Tight complex projective 2-designs are simultaneously maximal sets of equiangular lines and minimal complex projective 2-designs. In quantum information theory, they define optimal measurements known as SIC-POVMs (Symmetric Informationally Complete Positive Operator-Valued Measures).  They are conjectured by Zauner to exist in every dimension, even as specific group orbits. 

Friday, May 21, 2021 — 3:30 PM EDT

Title: Positivity Problems for Linear Recurrences

Speaker: Steve Melczer
Affliliation: University of Waterloo
Zoom: Contact Emma Watson


Although sequences satisfying linear recurrence relations have been studied for centuries, and appear as some of the first examples of combinatorial sequences encountered in an introductory combinatorics class, there are natural examples of simply stated problems related to their basic behaviour whose decidability is unknown. In this talk we survey some open computability and complexity questions related to the positivity of linearly recurrent sequences, before examining a new approach to proving positivity using rigorous numerical methods for functions satisfying linear differential equations.

Thursday, May 20, 2021 — 1:00 PM EDT

Title: q-Whittaker functions, finite fields, and Jordan forms

Speaker: Steven Karp
Affiliation: UQAM
Zoom: Contact Steve Melczer


The q-Whittaker symmetric function associated to an integer partition is a q-analogue of the Schur symmetric function. We give a new formula for the q-Whittaker function in terms of partial flags compatible with a nilpotent endomorphism over the finite field of size 1/q.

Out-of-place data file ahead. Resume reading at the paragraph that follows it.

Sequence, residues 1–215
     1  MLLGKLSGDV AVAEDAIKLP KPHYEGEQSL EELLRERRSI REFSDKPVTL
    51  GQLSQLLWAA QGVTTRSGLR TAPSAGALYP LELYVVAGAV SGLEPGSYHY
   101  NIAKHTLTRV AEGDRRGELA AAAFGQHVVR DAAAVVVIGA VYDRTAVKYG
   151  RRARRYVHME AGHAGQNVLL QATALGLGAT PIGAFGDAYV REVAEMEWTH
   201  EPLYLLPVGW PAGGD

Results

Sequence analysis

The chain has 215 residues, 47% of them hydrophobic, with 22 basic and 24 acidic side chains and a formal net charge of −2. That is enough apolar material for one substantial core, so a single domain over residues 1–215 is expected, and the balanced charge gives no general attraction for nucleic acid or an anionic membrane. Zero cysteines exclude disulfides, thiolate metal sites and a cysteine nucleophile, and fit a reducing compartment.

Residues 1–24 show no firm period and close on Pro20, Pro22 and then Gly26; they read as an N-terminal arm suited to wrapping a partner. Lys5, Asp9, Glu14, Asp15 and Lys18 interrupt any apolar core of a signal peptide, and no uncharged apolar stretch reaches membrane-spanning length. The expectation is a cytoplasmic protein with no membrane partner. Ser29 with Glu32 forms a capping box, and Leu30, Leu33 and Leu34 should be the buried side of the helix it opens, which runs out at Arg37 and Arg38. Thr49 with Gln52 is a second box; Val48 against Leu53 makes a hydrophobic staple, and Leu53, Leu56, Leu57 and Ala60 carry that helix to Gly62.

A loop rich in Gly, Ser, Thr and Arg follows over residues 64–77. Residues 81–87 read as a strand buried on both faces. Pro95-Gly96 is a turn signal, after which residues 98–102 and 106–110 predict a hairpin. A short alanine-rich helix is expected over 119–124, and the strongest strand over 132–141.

Monday, May 17, 2021 — 11:30 PM EDT

Title: Minimum eigenvalue of nonbipartite graphs

Speaker: Bojan Mohar
Affiliation: Simon Fraser University
Zoom: Contact Soffia Arnadottir


Let \rho and \lambda be the largest and the smallest eigenvalue of a connected graph G. It is well-known that \rho + \lambda \geq 0 and that equality occurs if and only if G is bipartite. The speaker will discuss what else can we say when G is not bipartite.

Friday, May 14, 2021 — 3:30 PM EDT

Title: Interlacing methods in Extremal Combinatorics

Speaker: Hao Huang
Affliliation: Emory University
Zoom: Contact Emma Watson


Extremal Combinatorics studies how large or how small a collection of finite objects could be, if it must satisfy certain restrictions. In this talk, we will discuss applications of spectral graph theory, more specifically eigenvalue interlacing, to prove various interesting results in Extremal Combinatorics. We will discuss the Erdos-Ko-Rado Theorem and its degree version, an isodiametric inequality for discrete cubes, and the resolution of a thirty-year-old open problem in Theoretical Computer Science, the Sensitivity Conjecture of Nisan and Szegedy. Several open problems will also be mentioned during this talk.

Monday, May 10, 2021 — 11:30 AM EDT

Title: Quantum independence number

Speaker: Mariia Sobchuk
Affiliation: University of Waterloo
Zoom: Contact Soffia Arnadottir


From this talk you will be able to learn what quantum independence number is and how it is different from the classical independence number. I will provide both known individual and infinite families of the graphs where classical and quantum independent numbers are different, as well as some of our generalisations of these examples.  

Monday, April 26, 2021 — 11:30 AM EDT

Title: A Spectral Moore Bound for Bipartite Semiregular Graphs

Speaker: Sabrina Lato
Affiliation: University of Waterloo
Zoom: Contact Soffia Arnadottir


The Moore bound provides an upper bound on the number of vertices of a regular graph with a given degree and diameter, though there are disappointingly few graphs that achieve this bound. Thus, it is interesting to ask what additional information can be used to give Moore-type bounds that are tight for a larger number of graphs. Cioaba, Koolen, Nozaki, and Vermette considered regular graphs with a given second-largest eigenvalue, and found an upper bound for such graphs.